In another rough week for equity markets globally, the NZ market fell heavily by 3.8%, following the US market which saw the Dow fall by 2.1% and the NASDAQ fall by 2.8%. The NASDAQ has now declined 26.5% since November. UK and European markets held up much better, ending in positive territory.
The US inflation rate eased slightly from 8.5% to 8.3% in the year to April, though still too high. The Federal Reserve is intent on getting on top of inflation, and markets are pricing in two more back-to-back 0.50% rate hikes at the next two meetings. Meanwhile, the RBNZ has their next monetary policy statement next week, and markets see a high chance of another large 0.50% increase in the OCR.
The April housing market report from REINZ shows sales volumes are down across the country by 31.7%, with a larger fall in volumes in Auckland, which tends to lead the rest of NZ. The house price index for Auckland has fallen 10.2%, while across the rest of the country it has fallen 3.4%.
US interest rates fell, with the US 2-year Treasury yield down 14bps to 2.59%, and the 5-year Treasury yield down 18bps to 2.86%. NZ interest rates also declined, with the 2-year swap rate down 35bps to 3.55% and the 5-year swap rate down 33bps to 3.74%. The NZD continued to fall against the USD, down 2.38% to 0.6257, while the USD continued to strengthen, with the DXY up to 104.55.
Refining NZ was NZ’s only oil refinery since it started operations in 1964. The site at Marsden Point was chosen because of its convenient deep water harbour, low earthquake risk, and the availability of flat land adjacent to the site. The refinery was expanded in the 1980’s as part of Robert Muldoon’s Think Big era, which included the 170km pipeline to South Auckland. While it was still in operation, it provided 70% of the country’s fuel needs, with the remainder coming from imports.
The company’s earnings were inherently volatile, being dependant on global refinery margins which move with the price of oil, and also on the USD exchange rate, which the refinery margins are set in. With more refineries being built in Asia that are much larger, have economies of scale to reduce costs, have cheaper labour costs, and have access to cheaper electricity than we do here in NZ, the refining margins have been squeezed to historical lows, notwithstanding recent oil price movements. Refining NZ see the long-term trend being lower refining margins, coupled with lower domestic fuel demand, expected to peak in 2027 as people move to the likes of electric cars.
The decision was therefore made to restructure the company into an import-only terminal, with the company changing its name to Channel Infrastructure NZ (CHI). CHI will keep its storage tanks and the pipeline to Auckland, but is now in the process of decommissioning its refining assets. The result is a simplified company that has long-term contracts with BP, Mobil, and Z Energy to import, store, and distribute imported fuel, including all of the jet fuel to the Auckland International Airport. With fixed fee components, the earnings will be more steady, removing the exposure to refining margins and the USD exchange rate, and reducing electricity costs.
There has been some concern from protestors who argue that the government should step in and nationalise the refinery as a strategic asset, especially given recent geopolitical tensions in Europe that have sparked energy prices to rise. However, the crude oil has always been imported anyway, the difference now being that we no longer import crude oil, but 100% refined fuel. The refinery was never configured to refine oil produced in NZ.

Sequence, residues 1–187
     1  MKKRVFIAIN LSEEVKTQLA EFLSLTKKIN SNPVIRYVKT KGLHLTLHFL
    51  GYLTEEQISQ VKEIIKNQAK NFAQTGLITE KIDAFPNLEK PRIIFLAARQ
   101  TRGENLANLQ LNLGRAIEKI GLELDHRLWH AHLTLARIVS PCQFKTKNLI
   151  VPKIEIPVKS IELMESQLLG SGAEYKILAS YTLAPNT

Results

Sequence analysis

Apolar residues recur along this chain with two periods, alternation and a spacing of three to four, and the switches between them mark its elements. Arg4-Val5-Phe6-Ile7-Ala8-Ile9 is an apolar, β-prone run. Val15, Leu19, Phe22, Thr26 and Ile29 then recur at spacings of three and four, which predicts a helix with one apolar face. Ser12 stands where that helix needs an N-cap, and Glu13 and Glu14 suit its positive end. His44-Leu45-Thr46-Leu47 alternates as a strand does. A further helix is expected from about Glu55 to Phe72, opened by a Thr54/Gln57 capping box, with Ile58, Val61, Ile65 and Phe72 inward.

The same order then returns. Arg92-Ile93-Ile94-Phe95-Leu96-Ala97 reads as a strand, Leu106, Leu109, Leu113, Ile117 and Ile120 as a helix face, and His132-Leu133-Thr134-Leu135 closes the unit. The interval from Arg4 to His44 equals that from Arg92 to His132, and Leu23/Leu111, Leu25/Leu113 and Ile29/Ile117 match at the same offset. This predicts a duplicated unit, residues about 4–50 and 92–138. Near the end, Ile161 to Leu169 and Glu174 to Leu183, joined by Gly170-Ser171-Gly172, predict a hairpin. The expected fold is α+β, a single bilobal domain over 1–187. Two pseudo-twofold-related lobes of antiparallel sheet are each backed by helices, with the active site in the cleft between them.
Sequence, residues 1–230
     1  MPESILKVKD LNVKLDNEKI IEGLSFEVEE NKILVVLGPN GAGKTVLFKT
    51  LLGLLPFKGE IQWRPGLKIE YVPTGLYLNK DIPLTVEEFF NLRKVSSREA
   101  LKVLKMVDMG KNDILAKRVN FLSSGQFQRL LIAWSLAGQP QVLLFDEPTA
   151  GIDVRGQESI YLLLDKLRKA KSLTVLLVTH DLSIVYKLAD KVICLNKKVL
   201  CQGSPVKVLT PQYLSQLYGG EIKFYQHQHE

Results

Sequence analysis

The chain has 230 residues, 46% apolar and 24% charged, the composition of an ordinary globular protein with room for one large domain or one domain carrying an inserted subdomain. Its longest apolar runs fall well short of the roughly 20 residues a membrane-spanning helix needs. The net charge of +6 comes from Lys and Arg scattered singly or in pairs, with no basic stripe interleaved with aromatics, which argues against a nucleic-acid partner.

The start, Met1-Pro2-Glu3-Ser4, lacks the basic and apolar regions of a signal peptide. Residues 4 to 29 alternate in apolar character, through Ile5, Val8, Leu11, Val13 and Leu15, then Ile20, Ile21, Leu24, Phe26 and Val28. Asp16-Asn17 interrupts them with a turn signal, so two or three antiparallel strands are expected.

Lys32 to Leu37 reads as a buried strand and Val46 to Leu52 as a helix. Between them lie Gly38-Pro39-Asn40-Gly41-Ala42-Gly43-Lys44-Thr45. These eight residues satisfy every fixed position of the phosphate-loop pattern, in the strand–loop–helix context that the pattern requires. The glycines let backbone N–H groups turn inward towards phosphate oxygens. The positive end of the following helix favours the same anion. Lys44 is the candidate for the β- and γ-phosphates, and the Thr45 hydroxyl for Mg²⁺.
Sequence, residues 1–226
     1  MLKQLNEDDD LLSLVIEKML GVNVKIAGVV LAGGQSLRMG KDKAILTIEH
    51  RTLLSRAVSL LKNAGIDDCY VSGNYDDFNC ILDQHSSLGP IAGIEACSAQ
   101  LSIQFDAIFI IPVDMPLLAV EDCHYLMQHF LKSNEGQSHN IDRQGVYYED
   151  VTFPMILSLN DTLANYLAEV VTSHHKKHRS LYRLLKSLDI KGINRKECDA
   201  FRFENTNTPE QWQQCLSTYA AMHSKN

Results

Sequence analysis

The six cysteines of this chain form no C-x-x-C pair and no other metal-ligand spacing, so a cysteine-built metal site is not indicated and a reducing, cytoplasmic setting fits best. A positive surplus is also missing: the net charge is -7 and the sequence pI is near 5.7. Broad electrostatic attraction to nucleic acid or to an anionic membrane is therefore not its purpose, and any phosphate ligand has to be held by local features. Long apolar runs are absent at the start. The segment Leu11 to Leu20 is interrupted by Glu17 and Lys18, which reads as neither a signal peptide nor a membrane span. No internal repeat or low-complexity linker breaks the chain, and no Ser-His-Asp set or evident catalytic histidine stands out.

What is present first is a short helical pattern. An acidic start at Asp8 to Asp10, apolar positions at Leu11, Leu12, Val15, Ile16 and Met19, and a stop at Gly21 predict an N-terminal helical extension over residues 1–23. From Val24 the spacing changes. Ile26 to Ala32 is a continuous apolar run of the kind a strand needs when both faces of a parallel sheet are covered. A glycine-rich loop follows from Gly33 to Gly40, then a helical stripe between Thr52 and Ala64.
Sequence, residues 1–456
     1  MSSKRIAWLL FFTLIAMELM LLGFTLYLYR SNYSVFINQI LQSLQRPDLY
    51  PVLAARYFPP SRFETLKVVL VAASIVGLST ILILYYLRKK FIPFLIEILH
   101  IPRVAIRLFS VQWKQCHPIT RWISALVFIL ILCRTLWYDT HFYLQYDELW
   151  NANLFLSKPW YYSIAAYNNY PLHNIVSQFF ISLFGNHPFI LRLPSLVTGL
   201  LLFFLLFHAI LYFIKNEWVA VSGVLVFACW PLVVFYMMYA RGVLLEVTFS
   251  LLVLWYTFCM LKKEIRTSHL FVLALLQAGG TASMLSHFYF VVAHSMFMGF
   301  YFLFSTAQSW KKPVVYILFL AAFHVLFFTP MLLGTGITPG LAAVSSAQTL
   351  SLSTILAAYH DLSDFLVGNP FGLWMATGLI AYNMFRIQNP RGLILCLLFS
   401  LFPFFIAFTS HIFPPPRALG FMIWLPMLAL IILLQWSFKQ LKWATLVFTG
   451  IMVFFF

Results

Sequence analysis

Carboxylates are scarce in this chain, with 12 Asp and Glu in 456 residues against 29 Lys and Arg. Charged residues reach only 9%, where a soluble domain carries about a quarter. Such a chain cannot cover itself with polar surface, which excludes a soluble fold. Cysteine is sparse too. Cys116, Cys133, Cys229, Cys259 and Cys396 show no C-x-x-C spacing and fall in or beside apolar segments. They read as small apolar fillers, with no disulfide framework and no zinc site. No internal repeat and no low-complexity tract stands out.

This change will see CHI become an infrastructure investment, characterised by stable earnings and high cash flow generation, and low maintenance capital expenditure. Once the transition is finalised, the company plans to reinstate dividends within 1-2 years, with a proposed dividend policy of 60%-70% of normalised free cash flow, which supports deleveraging (reducing debt) to a target of 3x to 4x Net Debt to EBITDA, consistent with an investment grade rating.
With estimated tax losses of $350m-$400m following conversion, CHI will benefit significantly with no tax payable for years to come. Following a revaluation, the net assets of the company are equivalent to $1.33 per share, compared with the current share price of $1.07.
The conversion cost budget is $200m-$220m, and the transition is reportedly on track to remain within budget, which includes contingencies. CHI is issuing a new fixed rate 5.80% bond for a 5-year term to repay a portion of the company’s more expensive existing bank debt. The bond is unrated, and provides investors with an opportunity to invest in a high yield bond before the company receives an investment grade rating.
Oceania is acquiring Remuera Rise and Bream Bay Villages for $57m, and has an option to acquire 6.7ha of greenfield development land adjacent to Bream Bay Village. The acquisitions are funded by existing debt facilities.
Current Share Price: $0.99, Consensus Target Price: $1.57
Westpac has announced the first half year interim results, with net interest income down 0.7% compared to the previous corresponding period (pcp), and net profit down 5% on pcp. Driving net interest income down was a 15 basis point reduction in the net interest margin, due in part to lower spreads on mortgages a business lending. The interim dividend is $0.61 per share.
Current Share Price: $26.34, Consensus Target Price: $28.30
Pushpay has announced their annual results, with net profit up US$2.2m to US$33.4m, up 7% year on year. Driving the increase was strong operating revenue, breaking through the US$200m milestone, up 13% on last year. Gross margin remained steady at 68%.
Current Share Price: $1.27, Consensus Target Price: $1.57
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